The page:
To believe in government is to believe that some people have the right to take others’ property, to tell those others what they must do, what they may do, and what they may not do, and even to kill those who do not submit.
Is there nothing in your view of human nature that tells you that people who have extraordinary rights and privileges will take advantage of them? that if everyone believes that it is right for some to take the property and liberty of others that they will do so? If you tell everyone that government is legitimate, and you give the government the power to carry out its dictates, then isn’t it “doin’ what comes naturally” for those who have thus become as gods to use that power for their own advantage at the expense of their neighbors? Is it unreasonable to assume that the more power such “gods” have, the more they will affect their neighbors’ lives, the more damage they will do, and the more likely it is that almost any given evil can be traced to them?
Though there has never been as much food per person on the planet as there is now, thousands of people will starve to death today. The same number will starve tomorrow and the next day. Most will go from a horrendous earthly existence to unspeakable eternal torment. Why is this? Is it unreasonable to suggest that we look first at the “gods” who control the earth’s people and resources? Could it be that the more the oppressed associate the church of Jesus Christ with those “gods,” the less they will be inclined to listen to the Good News?
I would suggest that if we are to let our lights shine so that people will see our good deeds and glorify our Father in Heaven (and thus escape eternal torment, and hopefully the horrors of starvation), we need to debunk the legitimacy of the “gods” and turn our allegiance only to the true God.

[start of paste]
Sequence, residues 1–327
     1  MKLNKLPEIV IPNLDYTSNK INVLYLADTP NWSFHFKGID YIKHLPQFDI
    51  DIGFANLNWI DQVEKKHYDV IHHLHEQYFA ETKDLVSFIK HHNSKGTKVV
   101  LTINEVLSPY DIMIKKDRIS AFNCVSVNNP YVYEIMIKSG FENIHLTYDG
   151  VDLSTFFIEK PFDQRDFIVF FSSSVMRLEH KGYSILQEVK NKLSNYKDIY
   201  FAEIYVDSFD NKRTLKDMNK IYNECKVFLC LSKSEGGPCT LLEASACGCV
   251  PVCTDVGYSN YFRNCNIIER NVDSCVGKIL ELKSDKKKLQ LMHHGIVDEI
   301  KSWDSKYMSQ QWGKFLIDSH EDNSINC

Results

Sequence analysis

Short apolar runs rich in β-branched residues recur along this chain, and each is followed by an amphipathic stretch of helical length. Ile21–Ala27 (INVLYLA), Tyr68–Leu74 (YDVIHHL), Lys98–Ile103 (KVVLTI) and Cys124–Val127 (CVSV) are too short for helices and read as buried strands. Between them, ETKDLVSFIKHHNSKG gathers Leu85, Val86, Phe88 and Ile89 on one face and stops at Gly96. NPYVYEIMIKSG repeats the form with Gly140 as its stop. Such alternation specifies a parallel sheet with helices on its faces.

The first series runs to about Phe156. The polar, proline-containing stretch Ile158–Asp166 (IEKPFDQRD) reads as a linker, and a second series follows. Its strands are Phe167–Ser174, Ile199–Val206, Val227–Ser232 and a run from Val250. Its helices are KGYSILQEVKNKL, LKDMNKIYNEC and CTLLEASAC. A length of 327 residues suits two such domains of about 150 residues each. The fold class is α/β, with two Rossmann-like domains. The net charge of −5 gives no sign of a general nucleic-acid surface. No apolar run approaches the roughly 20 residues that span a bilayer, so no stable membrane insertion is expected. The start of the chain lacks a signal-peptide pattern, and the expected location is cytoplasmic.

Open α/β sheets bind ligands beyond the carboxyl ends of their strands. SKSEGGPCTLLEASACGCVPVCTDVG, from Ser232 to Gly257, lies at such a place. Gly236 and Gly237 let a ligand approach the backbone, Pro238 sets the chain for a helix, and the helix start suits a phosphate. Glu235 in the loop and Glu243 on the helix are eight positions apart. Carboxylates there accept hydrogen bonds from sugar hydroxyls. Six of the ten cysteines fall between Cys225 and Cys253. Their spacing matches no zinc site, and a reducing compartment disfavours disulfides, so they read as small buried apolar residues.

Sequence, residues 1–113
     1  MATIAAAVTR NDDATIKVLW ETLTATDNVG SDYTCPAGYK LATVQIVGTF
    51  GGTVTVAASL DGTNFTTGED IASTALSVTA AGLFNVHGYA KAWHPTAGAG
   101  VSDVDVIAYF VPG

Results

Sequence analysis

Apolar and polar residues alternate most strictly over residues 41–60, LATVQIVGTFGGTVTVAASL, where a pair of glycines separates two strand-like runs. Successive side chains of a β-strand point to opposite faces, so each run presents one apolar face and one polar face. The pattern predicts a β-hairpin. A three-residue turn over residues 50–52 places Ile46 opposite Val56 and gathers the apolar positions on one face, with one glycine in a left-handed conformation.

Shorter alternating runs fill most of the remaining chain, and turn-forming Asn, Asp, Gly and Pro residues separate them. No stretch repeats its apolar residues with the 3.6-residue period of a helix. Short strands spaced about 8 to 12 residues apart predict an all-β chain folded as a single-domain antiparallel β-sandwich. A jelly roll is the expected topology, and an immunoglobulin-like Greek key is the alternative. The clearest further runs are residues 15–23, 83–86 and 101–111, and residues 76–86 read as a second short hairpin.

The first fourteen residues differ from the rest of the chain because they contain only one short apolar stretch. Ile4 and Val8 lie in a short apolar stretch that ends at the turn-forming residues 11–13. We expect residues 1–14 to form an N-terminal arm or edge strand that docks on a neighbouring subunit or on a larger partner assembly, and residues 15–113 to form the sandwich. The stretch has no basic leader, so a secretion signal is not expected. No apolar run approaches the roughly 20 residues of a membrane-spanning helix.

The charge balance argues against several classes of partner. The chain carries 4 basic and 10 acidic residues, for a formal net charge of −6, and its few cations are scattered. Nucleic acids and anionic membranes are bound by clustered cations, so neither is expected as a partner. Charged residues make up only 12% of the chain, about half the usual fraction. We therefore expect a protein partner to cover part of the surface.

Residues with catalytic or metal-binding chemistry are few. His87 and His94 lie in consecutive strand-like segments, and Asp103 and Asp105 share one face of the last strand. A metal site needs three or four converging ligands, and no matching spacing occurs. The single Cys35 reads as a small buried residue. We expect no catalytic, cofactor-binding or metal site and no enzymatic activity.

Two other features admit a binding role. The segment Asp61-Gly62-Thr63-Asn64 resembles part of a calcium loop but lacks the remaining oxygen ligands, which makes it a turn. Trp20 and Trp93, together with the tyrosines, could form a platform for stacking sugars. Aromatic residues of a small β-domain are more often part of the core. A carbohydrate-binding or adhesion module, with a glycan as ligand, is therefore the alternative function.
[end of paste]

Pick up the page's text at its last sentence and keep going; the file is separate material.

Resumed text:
We can begin by looking in the Bible at the men God specifically appoints as rulers: Pharaoh, Saul son of Kish, David (specifically his “godly” treatment of Uriah the Hittite), Nebuchadnezzar, and the Beast of Revelation. “The kings of the Gentiles lord it over them; and those who exercise authority over them call themselves Benefactors. But you are not to be like that.”
“God’s work done God’s way will never lack God’s support.” Maybe the reason the wealthiest, most theologically educated and equipped-with-Bibles-and-other-resources group of Christians the world has ever seen—American evangelicals—has lost the war for the culture of its society is that it has used Romans 13 as a warrant for partaking of Satan’s fruit.
Friday, August 30, 2013
Let's pretend that the woman who means the most to you [or just you, if you’re a woman] and I, as the apostle Philip was translated to Azotus, are translated to a deserted island where we’re told we’ll be there for a month. There’s enough on the island to make us comfortable, but only if we work together. So we stay for a month and then return. After we return, the lady is asked, “How was it?” She replies, “I would not have chosen to be there, and I wouldn't have chosen to be there with him, but apart from that, it was OK. Nothing bad happened. It wasn’t fantastic. It wasn’t bad. It was OK.”
In one sentence, describe how I would treat her for that to be her sincere response.
I would suggest that your one-sentence answer to my question would be your definition of basic human decency.
Did you imagine me saying to her, “I am my brother’s keeper. I answer only to God. I’m in charge. You will do as I say”?
Or did you imagine me saying, “What’s yours will be yours. Let’s [as equals] decide what’s yours, then let’s [as equals] work out how we’ll work together [as equals]”?
If the lady were not a Christian, which version of me would she be more likely to listen to present the gospel?
Which version of me would be more likely to “needeth not to be ashamed, rightly dividing the word of truth” after a month alone with a woman?
If it works for two, why would it not work for twenty, or twenty million?